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Women & The Bible- 2

10 Mar

I enjoy the late John Stott’s work. I think he has a lot of truth in him and expounds it in a very clear and detailed manner so his teaching can be understood by the least educated among us. In fact, I would recommend his book Guard The Truth to anyone who is interested in studying 1 Timothy and Titus. It is a great read, informative and each point is well argued.

But I do not blindly accept everything he says, which means I will disagree with him on certain points and one is his view of Paul’s words found in 1 Timothy 2:11-15

11 A woman must quietly receive instruction with entire submissiveness. 12 But I do not allow a woman to teach or exercise authority over a man, but to remain quiet. 13 For it was Adam who was first [h]created, and then Eve. 14 And it was not Adam who was deceived, but the woman being deceived, [i]fell into transgression. 15 But women will be [j]preserved through the bearing of children if they continue in faith and love and sanctity with [k]self-restraint. (NASB)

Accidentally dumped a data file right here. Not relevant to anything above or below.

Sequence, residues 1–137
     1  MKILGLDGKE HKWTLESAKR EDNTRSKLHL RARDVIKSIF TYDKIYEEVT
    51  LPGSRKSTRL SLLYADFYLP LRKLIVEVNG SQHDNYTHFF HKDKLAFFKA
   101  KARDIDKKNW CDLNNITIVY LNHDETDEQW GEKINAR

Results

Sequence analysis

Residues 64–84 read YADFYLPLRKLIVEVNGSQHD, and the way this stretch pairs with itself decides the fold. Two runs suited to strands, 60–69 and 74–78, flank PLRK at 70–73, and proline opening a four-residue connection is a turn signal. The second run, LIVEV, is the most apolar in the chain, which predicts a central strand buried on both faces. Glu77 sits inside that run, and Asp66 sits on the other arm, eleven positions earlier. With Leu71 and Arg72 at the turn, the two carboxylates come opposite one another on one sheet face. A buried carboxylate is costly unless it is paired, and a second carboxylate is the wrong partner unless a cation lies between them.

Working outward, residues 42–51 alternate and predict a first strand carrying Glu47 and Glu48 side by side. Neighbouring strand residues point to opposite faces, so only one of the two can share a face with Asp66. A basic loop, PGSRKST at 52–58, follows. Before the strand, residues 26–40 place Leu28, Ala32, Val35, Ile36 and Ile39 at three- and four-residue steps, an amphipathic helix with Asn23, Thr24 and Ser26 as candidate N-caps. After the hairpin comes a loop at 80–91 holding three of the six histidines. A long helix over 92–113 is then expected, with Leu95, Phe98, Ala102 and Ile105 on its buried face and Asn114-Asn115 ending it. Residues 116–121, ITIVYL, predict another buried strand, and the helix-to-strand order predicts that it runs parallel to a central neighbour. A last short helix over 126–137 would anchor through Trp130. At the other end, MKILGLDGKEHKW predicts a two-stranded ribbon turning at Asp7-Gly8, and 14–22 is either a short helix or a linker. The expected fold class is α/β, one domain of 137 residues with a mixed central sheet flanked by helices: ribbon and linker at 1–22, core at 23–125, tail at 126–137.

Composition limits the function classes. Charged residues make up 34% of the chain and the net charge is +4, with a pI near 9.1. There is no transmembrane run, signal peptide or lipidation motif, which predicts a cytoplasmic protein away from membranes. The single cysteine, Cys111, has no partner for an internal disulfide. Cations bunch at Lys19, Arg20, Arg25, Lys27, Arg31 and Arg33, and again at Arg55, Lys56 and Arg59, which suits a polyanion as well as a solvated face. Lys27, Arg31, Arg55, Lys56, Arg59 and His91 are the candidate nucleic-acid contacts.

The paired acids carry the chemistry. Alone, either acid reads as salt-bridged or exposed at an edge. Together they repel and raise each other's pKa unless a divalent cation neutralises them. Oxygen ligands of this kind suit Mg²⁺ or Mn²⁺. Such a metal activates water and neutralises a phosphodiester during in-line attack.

I do not completely disagree with him as he makes a lot of good points on this issue but even the best of us err at some point.

#1. The first may be called the principle of harmony.  Those of us who believe the Bible to be the written word of God also believe that when God spoke, he did not contradict himself. (pg. 74)

And I agree with Dr Stott here so we must look back into the OT to find what God ordained for the smooth operation and leadership of his temple. Let’s see what God said back then and compare them with Paul’s words:

You shall gird them with sashes, Aaron and his sons, and bind caps on them, and they shall have the priesthood by a perpetual statute. So you shall ordain Aaron and his sons. (Ex. 29:9 NASB)

the woven garments as well, and the holy garments for Aaron the priest, and the garments of his sons, with which to carry on their priesthood; (Ex. 31:10 NASB)

So you shall appoint Aaron and his sons that they may keep their priesthood, but the layman who comes near shall be put to death.” (Nu. 3:10 NASB)

So Paul’s words are not contradictory to what God had said when he established the OT priesthood. Women are not to hold such positions of leadership.